What's the best way to understand Tea Party freshman Dennis Ross of Florida? Go shooting with him.
ZOLFO SPRINGS, Fla. -- It's 7:30 a.m., and already the congressman and I are covered in blood.
Mine trickles out of a crescent-shaped gash on my forehead. It hurts, but the lingering buzz from our predawn whiskey shot helps.
The blood on Rep. Dennis Ross belongs to a 95-pound wild hog whose head he is removing with a hand saw. The skull plops to the ground. Ross yanks off the animal's skin and cuts open its belly with a bowie knife. He reaches inside and pulls out coils of slimy, gray intestines.
"It beats fundraising," he says with a grin.
DISTRACTED BY HOG HEADS
I had met Ross a few weeks earlier in his Capitol Hill office with a different sort of dissection in mind. National Journal had recently ranked him and nine other Republicans as the most conservative House members, and I wanted to see what made one of the most conservative members of the most conservative, powerful freshman class in the history of the House of Representatives tick.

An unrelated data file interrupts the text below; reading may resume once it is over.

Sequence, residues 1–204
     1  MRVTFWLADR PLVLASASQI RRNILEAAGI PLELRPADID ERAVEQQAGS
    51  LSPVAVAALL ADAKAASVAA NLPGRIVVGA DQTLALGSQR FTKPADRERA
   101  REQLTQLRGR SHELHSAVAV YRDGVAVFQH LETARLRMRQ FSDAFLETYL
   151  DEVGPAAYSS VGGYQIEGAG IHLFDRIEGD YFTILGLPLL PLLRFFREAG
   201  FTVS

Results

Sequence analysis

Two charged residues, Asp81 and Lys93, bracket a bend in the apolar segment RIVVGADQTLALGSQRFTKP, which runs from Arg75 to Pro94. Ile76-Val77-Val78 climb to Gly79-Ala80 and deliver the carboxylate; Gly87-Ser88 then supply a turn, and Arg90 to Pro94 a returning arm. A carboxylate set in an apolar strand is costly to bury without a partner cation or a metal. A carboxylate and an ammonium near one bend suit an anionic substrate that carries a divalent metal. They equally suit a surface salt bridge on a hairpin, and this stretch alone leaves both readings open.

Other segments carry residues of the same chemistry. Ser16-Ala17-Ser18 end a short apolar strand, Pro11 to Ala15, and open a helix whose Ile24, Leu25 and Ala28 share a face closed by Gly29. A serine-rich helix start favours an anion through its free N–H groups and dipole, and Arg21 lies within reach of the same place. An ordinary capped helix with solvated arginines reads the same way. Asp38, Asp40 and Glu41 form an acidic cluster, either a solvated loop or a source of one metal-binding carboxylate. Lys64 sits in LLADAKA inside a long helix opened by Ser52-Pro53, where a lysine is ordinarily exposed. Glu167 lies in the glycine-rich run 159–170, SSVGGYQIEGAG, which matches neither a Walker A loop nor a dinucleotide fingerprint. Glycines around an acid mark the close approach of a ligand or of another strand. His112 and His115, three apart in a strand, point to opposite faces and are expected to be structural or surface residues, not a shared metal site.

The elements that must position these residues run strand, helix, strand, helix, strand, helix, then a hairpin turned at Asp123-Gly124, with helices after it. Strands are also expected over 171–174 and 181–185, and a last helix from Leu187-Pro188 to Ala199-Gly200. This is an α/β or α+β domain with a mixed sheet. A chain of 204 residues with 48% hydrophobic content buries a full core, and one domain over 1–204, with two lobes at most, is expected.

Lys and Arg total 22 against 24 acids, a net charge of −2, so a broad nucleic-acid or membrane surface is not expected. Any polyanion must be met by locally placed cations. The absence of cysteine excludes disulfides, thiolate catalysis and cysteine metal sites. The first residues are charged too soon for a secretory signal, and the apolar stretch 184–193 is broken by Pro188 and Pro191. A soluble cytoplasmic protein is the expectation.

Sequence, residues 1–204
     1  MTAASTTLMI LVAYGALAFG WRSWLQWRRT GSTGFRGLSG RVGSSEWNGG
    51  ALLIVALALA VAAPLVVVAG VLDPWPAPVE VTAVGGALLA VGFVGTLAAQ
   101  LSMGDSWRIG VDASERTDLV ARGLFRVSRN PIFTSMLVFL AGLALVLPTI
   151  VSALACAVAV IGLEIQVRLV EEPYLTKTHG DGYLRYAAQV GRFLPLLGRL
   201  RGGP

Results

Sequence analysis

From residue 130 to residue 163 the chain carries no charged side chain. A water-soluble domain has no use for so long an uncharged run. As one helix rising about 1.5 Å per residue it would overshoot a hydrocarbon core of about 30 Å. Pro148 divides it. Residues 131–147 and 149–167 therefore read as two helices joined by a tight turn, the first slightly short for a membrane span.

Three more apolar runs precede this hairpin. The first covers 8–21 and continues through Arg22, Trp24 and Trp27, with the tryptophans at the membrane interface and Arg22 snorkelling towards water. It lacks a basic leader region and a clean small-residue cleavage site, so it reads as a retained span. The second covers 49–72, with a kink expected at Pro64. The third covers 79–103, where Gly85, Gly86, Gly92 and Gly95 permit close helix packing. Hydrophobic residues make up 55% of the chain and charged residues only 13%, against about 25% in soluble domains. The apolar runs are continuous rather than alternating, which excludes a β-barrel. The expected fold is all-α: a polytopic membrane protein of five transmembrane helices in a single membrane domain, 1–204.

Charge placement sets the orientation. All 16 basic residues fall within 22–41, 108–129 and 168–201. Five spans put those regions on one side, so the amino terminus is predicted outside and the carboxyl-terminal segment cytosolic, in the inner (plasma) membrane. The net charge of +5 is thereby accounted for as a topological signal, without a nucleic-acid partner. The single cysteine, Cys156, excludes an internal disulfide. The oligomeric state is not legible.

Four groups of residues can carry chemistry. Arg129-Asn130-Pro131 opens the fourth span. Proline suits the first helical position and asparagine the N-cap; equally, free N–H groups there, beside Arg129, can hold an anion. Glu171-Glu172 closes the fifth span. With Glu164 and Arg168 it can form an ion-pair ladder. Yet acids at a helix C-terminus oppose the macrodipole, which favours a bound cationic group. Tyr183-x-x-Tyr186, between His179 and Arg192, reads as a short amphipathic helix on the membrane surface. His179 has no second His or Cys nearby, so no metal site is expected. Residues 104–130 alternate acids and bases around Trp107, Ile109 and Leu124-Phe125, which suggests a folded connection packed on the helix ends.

After the 2010 midterms, the victorious Tea Party candidates vowed to shake Washington to its very core. But despite their bravado, a whole series of vote rankings (including NJ's) have painted them as not much different from the rest of the Republican conference. They diverge from leadership about as much as the old-timers do, although the rankings fail to capture some important dynamics. The only reason Washington had a debt-ceiling fight, for instance, was that the freshman class pushed the leadership into waging one. Even so, last week, the Tea-Party-before-the-Tea-Party-was-cool Club for Growth released a study asking whether the freshman class was really even Tea Party at all.